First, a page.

Know your four options for colorectal screening
As with all types of cancer, early detection of colon cancer is the key to a much higher survival rate. The National Cancer Institute estimates there were 149,500 new cases in 2021 with an estimated 52,980 deaths. If colorectal cancer is detected early through screening, the five-year survival rate is about 90 percent.
Colorectal screening methods
You have more than one option when it comes to colorectal screening for colon cancer. Which type you choose will depend on your overall health family history, personal risk factors, and age. In some instances, your doctor might prescribe more than one type of screening.
Here are the four main options for colorectal cancer screening:
A colonoscopy involves a physician inserting a thin, flexible tube called a scope into your colon. The tube is lighted and has a small camera on the end. This enables the doctor to examine the entire length of your colon and rectum. As the doctor checks your colon, he or she looks for any changes that could indicate precancerous conditions. During the procedure, your doctor can take a sample or biopsy of any suspicious tissue or polyps. Polyps also usually are removed. You will most likely be sedated during the colonoscopy so you won't experience any discomfort.
Colonoscopies are repeated every 3-10 years, depending on if polyps are present. If there are polyps, you will need to repeat the procedure sooner.
Preparation for a colonoscopy is often considered more difficult than the procedure itself. Generally, you will need to consume a clear-liquid diet the day before the procedure. This preparation also will include taking strong laxatives intended to empty your bowel so the doctor can have a good look at your colon.
A flexible sigmoidoscopy is similar to a colonoscopy but more limited in scope. This test involves the doctor inserting a thin tube into the sigmoid colon, which is the last portion of the large colon. The specialist will examine this part of the colon and identify any changes or suspicious areas. He or she also will take a biopsy if polyps are found. The polyps might be removed during the procedure or you might have to undergo a colonoscopy later at which time the polyps will be removed.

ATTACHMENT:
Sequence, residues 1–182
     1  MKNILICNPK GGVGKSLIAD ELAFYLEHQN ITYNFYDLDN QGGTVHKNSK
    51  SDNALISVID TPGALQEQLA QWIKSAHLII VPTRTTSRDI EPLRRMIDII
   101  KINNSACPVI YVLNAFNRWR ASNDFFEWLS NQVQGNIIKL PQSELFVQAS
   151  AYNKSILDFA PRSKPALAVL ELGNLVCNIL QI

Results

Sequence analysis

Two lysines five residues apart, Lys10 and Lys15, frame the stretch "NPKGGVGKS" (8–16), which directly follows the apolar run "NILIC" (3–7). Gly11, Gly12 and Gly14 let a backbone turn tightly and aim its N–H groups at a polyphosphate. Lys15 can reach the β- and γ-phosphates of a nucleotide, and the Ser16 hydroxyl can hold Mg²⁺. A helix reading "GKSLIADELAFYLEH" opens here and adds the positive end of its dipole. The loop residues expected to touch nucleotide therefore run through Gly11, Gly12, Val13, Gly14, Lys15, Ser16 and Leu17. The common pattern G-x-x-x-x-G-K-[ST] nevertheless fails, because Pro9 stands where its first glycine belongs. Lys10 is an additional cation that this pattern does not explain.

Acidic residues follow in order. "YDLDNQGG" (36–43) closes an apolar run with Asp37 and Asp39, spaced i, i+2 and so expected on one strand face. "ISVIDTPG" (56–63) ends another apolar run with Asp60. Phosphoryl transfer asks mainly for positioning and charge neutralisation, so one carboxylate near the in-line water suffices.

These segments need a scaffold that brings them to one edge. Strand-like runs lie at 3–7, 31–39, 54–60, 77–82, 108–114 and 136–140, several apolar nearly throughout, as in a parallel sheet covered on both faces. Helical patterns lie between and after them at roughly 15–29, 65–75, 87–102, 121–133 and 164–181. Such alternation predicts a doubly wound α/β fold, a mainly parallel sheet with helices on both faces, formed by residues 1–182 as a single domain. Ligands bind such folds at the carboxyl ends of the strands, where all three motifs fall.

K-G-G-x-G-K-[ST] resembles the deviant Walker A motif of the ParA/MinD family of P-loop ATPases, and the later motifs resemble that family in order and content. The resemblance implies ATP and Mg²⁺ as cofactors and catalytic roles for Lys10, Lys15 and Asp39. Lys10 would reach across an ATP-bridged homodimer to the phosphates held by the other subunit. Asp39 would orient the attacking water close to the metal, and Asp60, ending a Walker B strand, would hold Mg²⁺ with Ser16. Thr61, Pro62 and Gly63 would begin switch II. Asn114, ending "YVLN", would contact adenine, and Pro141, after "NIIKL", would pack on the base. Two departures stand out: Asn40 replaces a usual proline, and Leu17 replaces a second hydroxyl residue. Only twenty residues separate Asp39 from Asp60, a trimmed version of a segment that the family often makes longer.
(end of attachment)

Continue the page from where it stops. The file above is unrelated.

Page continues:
If no polyps are found, this test will be repeated every 5 years. A yearly stool test also is performed. Preparation of your bowels might be required but the prep isn't as extensive as before a colonoscopy. Generally, you don't need sedation for this procedure.
Computed tomography (CT) colonography, also called a virtual colonoscopy, uses X-rays and computers to produce images of the entire colon, which are displayed on a computer screen for the doctor to analyze.
As with a colonoscopy, you will need to consume a clear-liquid diet the day before the procedure and take strong laxatives to empty your bowel.
This test will be done every 5 years.
Stool (feces) sample tests check for signs of cancer in the stool. Such tests are less invasive than other procedures and can generally be performed in the privacy of your home by you. You send the stool sample to a laboratory for testing. These tests don't require any preparation. They must be done more frequently than other types of tests, usually every 1-3 years.
If results are found to be abnormal, the stool sample will require a follow-up colonoscopy.
There are two main types of stool tests. The DNA stool test involves screening your stool for abnormal DNA markers that can indicate cancerous changes. One example of such a test is Cologuard. This is done every 3 years.
The stool blood test checks your feces for blood, as cancer can cause bleeding that ends up in the stool. This test is not conclusive, however, as blood in the stool also can be an indication of you having taken NSAID pain relievers such as ibuprofen or blood thinners. Hemorrhoids also can lead to blood in the stool. This test is repeated yearly.
The topic of colon cancer is a serious matter that can cause some anxiety. It helps to know effective tests exist that can detect colon problems early. Give yourself precious peace of mind by talking to your doctor and see if it is time to schedule your colorectal screening.Learn more